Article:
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Last night I reported on the UK

Government's ideas for solving

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the Irish border question.

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Today their Northern Ireland

partners were in Downing Street.

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And...

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She is, at home, a typical teenager.

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But then when she leaves the house,

everything changes.

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The anxiety disorder so severe it

renders many children speechless.

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We have access to a therapy camp

for sufferers of selective

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mutism in New York.

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It was phrase coined

by Winston Churchill in 1946 -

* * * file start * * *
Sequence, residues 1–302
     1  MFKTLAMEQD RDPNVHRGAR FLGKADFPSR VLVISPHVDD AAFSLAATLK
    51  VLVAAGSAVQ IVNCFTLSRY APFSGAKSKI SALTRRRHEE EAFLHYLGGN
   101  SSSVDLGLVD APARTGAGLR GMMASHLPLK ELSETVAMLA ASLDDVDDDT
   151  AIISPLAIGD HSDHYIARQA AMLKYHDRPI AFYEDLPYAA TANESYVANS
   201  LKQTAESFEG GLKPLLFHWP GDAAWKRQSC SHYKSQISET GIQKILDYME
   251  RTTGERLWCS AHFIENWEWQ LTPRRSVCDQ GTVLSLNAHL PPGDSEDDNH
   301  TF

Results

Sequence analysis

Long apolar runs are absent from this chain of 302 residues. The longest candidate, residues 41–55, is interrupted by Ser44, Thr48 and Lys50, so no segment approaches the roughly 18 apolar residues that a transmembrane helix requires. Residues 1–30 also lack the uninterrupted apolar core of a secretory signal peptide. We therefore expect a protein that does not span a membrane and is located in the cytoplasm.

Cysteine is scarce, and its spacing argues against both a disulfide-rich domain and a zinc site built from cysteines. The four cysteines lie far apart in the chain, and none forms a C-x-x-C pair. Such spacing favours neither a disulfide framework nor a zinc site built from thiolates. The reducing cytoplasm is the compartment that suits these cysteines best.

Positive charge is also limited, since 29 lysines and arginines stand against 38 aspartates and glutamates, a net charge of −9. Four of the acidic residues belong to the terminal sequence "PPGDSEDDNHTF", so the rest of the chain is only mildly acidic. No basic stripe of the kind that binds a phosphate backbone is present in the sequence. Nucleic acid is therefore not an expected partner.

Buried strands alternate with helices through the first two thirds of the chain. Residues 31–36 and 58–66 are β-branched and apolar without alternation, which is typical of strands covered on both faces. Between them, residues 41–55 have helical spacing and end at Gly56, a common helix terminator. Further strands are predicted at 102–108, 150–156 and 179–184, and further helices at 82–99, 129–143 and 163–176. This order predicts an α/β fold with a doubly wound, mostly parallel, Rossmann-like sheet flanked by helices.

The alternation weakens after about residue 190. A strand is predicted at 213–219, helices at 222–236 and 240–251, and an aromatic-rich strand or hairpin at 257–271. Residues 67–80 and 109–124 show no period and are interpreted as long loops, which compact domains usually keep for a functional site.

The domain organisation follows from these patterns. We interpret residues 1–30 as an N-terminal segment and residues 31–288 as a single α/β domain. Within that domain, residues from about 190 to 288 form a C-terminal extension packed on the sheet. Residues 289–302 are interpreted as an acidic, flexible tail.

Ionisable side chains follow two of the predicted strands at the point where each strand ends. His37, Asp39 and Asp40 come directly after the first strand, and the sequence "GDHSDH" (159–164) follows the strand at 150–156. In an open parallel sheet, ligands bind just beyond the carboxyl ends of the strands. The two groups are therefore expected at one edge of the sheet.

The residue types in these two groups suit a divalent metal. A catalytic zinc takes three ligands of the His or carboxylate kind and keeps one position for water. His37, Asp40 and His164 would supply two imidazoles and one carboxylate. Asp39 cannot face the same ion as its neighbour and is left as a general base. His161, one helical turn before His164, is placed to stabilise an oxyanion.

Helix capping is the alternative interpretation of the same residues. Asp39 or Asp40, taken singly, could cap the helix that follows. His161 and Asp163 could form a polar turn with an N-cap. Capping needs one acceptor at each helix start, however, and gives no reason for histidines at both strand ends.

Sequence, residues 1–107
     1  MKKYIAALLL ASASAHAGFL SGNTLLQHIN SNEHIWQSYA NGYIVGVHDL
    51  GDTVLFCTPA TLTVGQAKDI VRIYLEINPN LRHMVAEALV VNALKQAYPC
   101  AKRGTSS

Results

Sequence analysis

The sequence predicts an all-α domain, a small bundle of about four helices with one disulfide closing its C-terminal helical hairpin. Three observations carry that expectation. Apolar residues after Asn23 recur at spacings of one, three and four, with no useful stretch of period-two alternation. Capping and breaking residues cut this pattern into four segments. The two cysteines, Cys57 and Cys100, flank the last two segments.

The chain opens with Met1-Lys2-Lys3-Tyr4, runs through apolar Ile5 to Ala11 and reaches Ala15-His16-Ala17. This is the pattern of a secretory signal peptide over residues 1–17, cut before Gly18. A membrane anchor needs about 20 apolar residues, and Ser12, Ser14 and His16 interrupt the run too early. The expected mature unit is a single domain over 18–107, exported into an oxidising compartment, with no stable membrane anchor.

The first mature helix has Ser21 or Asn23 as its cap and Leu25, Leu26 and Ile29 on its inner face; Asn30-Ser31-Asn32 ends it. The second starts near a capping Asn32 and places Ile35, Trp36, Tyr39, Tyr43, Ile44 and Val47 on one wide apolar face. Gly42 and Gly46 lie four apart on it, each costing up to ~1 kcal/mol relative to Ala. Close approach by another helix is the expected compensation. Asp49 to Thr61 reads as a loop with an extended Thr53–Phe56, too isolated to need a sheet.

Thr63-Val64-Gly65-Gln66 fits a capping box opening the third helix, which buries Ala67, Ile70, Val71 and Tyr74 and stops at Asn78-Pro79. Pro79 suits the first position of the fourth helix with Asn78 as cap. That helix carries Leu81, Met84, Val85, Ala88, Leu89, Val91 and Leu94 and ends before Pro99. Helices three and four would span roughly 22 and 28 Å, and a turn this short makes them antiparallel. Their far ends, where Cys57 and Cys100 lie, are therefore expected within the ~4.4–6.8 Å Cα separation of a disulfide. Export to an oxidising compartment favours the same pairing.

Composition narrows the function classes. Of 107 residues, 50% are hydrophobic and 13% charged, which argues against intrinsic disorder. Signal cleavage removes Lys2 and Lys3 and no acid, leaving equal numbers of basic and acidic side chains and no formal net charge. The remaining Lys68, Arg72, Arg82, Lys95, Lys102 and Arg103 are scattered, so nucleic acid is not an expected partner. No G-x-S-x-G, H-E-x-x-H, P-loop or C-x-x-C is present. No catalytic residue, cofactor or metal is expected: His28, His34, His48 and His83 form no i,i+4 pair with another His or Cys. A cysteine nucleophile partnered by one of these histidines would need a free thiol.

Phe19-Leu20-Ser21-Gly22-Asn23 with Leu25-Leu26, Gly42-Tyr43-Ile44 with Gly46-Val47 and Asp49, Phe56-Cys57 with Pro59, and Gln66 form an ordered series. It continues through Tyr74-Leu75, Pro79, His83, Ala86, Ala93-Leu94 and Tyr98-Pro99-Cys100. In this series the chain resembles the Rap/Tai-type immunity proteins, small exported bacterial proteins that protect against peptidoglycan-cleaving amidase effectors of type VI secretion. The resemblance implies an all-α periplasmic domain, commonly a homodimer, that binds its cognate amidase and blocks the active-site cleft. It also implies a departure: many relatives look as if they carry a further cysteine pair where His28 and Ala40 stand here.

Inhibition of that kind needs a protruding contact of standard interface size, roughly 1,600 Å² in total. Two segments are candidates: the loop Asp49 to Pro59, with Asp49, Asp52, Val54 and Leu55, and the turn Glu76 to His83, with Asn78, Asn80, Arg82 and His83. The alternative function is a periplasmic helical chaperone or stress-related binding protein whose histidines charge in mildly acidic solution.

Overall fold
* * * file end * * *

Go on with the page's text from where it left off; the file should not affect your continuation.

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but 71 years later is there really

a "special relationship"

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between America and Britain and,

if there is, how does a President

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promoting far-right videos

and questioning the British

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Prime Minister on Twitter affect it?

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This is now a very 21st century

diplomatic conflict -

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with British government ministers

taking to social media to attack

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Donald Trump and the President

responding in kind.

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Today Theresa May resisted calls

to cancel a state visit to Britain

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planned for Mr Trump and -

choosing her words carefully -

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said that the President's retweets

yesterday of Britain First